Visitors from around the world are drawn to New York City's High Line, an elevated park built on defunct railroad tracks transformed into an urban sanctuary of flowers, grass and trees.
Private planners inspired by the High Line's success are now looking deep under Manhattan with a proposal to create the Lowline, billed as the world's first underground park.
The project would occupy a 116-year-old abandoned trolley terminal below the Lower East Side that's been used for storage since 1948.
Street-level solar collectors would be used to filter the sun about 20 feet down to bedrock, turning the dank, subterranean space into a luminous, plant-filled oasis. The park would offer city residents a place of refuge and host art exhibits, music performances, readings and children's activities.
The Lowline is only one part of a Lower East Side revitalization project.
The neighborhood has an important place in the history of immigration. At the turn of the last century, newly arriving Italian, Irish and German families made their first homes in America in its tenements.
"Many people once fought to move out of the Lower East Side, and now, their grandkids are fighting to get in," says Mark Miller, an art gallery owner whose family ran businesses there since the late 19th century. "It's come full circle; it's hip, happening and historic."
"We're simply taking over a space no one was using in a densely populated neighborhood that lacks sufficient public space," says Dan Barasch, who specializes in promoting socially innovative applications of technology.
He co-founded the nonprofit Lowline project with architect James Ramsey, a former NASA engineer. The park is expected to cost about $60 million in mostly private funds, plus some government money. More than $1 million has been raised for research and design.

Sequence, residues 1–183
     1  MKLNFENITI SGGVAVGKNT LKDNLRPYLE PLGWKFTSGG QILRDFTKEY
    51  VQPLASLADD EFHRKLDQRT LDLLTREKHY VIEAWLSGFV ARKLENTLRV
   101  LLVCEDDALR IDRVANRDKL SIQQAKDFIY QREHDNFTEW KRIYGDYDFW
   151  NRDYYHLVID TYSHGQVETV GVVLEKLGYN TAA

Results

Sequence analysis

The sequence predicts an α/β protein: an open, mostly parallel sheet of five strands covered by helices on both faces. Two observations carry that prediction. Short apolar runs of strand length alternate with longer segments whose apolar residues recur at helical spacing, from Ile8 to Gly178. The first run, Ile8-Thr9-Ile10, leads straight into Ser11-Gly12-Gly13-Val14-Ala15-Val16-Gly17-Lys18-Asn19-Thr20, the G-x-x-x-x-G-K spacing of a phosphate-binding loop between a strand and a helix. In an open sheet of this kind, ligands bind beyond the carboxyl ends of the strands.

Ramsey and Barasch got the idea for the project when they heard about the site that was once a trolley turnaround for the line that ran across the Williamsburg Bridge to Brooklyn.
"We'd already been playing with new solar technology," Barasch said. "And we fell more and more in love with the idea of this public space, so we put those two concepts together."
Barasch estimates it will take about five years before construction begins to transform the 1-acre leftover from the past into a destination of the future.
First, he says the Lowline team of three, plus hundreds of volunteers, must tackle some technical challenges: exactly how to channel the natural sunlight from the collectors to the park below, using the latest optics. Then a way must be found to position the sunlight so it allows plants to grow.
Several high-tech companies already have used such systems to funnel natural illumination to previously light-inaccessible areas.
"But you can't just cut the street open," says Barasch.
Community members had their own questions at a Lowline presentation. Some asked where the street-level entrances would be, how the space would be ventilated and what kinds of plants would be brought in.
The pioneer model for the Lowline is the High Line park on Manhattan's West Side. The 22-block aerial walkway on an abandoned freight route has galvanized a neighborhood where luxury condos, galleries and boutiques have all but pushed out the industrial grime of warehouses and manufacturing plants.
Not everyone is thrilled with the idea.
Kerri Culhane, associate director of Two Bridges Neighborhood Council, says the project will draw real estate investors while alienating longtime residents.
Barasch counters that such revenue would allow the park to be self-sustained and not reliant on government funds.
Critical thinking challenge: Why is natural sunlight essential to this project?